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Are You Confused About Twitter’s SMS 2FA Method? Here’s What You Should Do

Twitter blog post states that the 2FA method will simply be disabled on March 20 if users don't adjust it before then. (File Photo)

Twitter blog post states that the 2FA method will simply be disabled on March 20 if users don’t adjust it before then. (File Photo)

Some experts believe that SMS-based 2FA is not the best form of security, and removing it as a free option may highlight how much Twitter values security and its users. This is because attackers can intercept texts by hijacking targets’ phone numbers or using other techniques

Twitter users are complaining and are confused about a notification stating “you must remove text message two-factor authentication” on their handle. The company had announced it in a blog post in February but some users are still trying to understand their options.

Twitter stated in its blog post that the platform will only allow users to secure their accounts with SMS-based two-factor authentication if they subscribe to Twitter Blue. So, as the last day approaches on March 20, the new changes are worrying social media users.

First of all, it needs to be understood that, according to Twitter, the SMS 2FA has been used and abused by bad actors, which is apparently costing Twitter about $60 million per year.

However, in the notification, the users are seeing a text saying “only Twitter Blue subscribers can use the text message 2FA method. It’ll just take a few minutes to remove it. You can still use the authentication app and secure key methods”.

Some experts believe that SMS-based 2FA is not the best form of security, and removing it as a free option may highlight how much Twitter values security and its users. This is because attackers can intercept texts by hijacking targets’ phone numbers or using other techniques.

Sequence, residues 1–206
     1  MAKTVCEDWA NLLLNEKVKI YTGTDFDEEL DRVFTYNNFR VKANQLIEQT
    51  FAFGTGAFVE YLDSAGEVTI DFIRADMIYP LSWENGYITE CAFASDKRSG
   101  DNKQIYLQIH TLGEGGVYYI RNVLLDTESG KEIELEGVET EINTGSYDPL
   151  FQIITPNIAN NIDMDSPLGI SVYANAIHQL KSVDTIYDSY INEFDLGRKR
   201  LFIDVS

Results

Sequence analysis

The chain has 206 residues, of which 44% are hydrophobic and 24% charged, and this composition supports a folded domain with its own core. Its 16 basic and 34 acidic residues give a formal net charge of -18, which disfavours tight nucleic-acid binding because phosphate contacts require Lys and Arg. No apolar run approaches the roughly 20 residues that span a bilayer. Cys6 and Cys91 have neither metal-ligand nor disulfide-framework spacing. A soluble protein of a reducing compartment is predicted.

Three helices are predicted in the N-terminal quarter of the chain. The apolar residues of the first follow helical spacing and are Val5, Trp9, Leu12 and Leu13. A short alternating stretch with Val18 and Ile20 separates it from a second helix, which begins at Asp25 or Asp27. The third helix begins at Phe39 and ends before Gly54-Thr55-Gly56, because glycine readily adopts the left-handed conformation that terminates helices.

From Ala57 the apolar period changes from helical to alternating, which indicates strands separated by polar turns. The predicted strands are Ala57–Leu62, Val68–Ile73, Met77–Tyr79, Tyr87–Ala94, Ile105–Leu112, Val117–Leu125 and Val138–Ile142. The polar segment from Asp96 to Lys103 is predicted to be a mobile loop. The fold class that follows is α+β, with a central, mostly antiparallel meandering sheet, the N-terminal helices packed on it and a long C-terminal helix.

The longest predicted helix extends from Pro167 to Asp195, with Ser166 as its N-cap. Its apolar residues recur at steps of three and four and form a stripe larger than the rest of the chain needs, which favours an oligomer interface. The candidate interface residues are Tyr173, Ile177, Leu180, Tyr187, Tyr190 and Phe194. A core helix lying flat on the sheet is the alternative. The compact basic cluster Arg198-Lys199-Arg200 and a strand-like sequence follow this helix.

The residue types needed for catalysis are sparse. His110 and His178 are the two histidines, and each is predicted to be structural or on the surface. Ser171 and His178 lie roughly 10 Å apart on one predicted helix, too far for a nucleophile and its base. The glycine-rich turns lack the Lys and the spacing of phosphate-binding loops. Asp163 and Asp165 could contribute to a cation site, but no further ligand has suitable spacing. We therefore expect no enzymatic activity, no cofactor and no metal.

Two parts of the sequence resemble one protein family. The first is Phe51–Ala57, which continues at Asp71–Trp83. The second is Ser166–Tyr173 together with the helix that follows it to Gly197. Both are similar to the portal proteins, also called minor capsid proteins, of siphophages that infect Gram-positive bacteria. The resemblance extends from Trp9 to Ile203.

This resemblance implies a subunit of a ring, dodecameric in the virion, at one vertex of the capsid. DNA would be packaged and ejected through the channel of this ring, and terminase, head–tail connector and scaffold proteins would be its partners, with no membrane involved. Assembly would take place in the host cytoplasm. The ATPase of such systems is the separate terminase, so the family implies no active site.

But some also criticised it saying this is a poor PR stunt by Twitter head Elon Musk to get more Blue Tick users. Also, according to some experts, using SMS 2FA is far superior to having no second authentication factor enabled.

Some researchers earlier also expressed concern saying that Twitter’s policy change will confuse users by giving them not enough time to transition and making SMS two-factor appear to be a premium feature.

What Should Be Done?

Go to Settings and Support, then select Settings and Privacy, followed by Security and Account Access, Security and Two-factor authentication. The users have to uncheck the box next to text messages on the web or mobile.

After following this process, the account’s two-factor authentication will be disabled. If anyone tries to add SMS as a 2FA option without first signing up for Twitter Blue, they will be prompted to select an authenticator app or security key.

Users can install a preferred authenticator app, such as Google Authenticator, which is the most prominent third-party app used for 2FA. Then, on Twitter, users can go to Settings and Privacy, followed by Security and account access, Security, Two-factor authentication and Authentication app. The users then have to enter the password and click Confirm to proceed.

This is currently the most convenient way to make sure that users have another layer of security for their Twitter accounts.

However, what will happen if users do not disable SMS two-factor by the new deadline is unknown. Users, who still have SMS 2FA enabled when the change takes effect on March 20, will be locked out of their accounts, according to an in-app message.

But the blog post states that the 2FA method will simply be disabled on March 20 if users don’t adjust it before then.

“Disabling text message 2FA does not automatically disassociate your phone number from your Twitter account. If you would like to do so, instructions to update your account phone number are available on our Help Center,” it added.

However, while there is still some confusion, some believe that if users don’t do anything to add security layers, probably nothing much will happen and people will still be able to use Twitter. But probably it will significantly increase the likelihood of having the Twitter account hacked.

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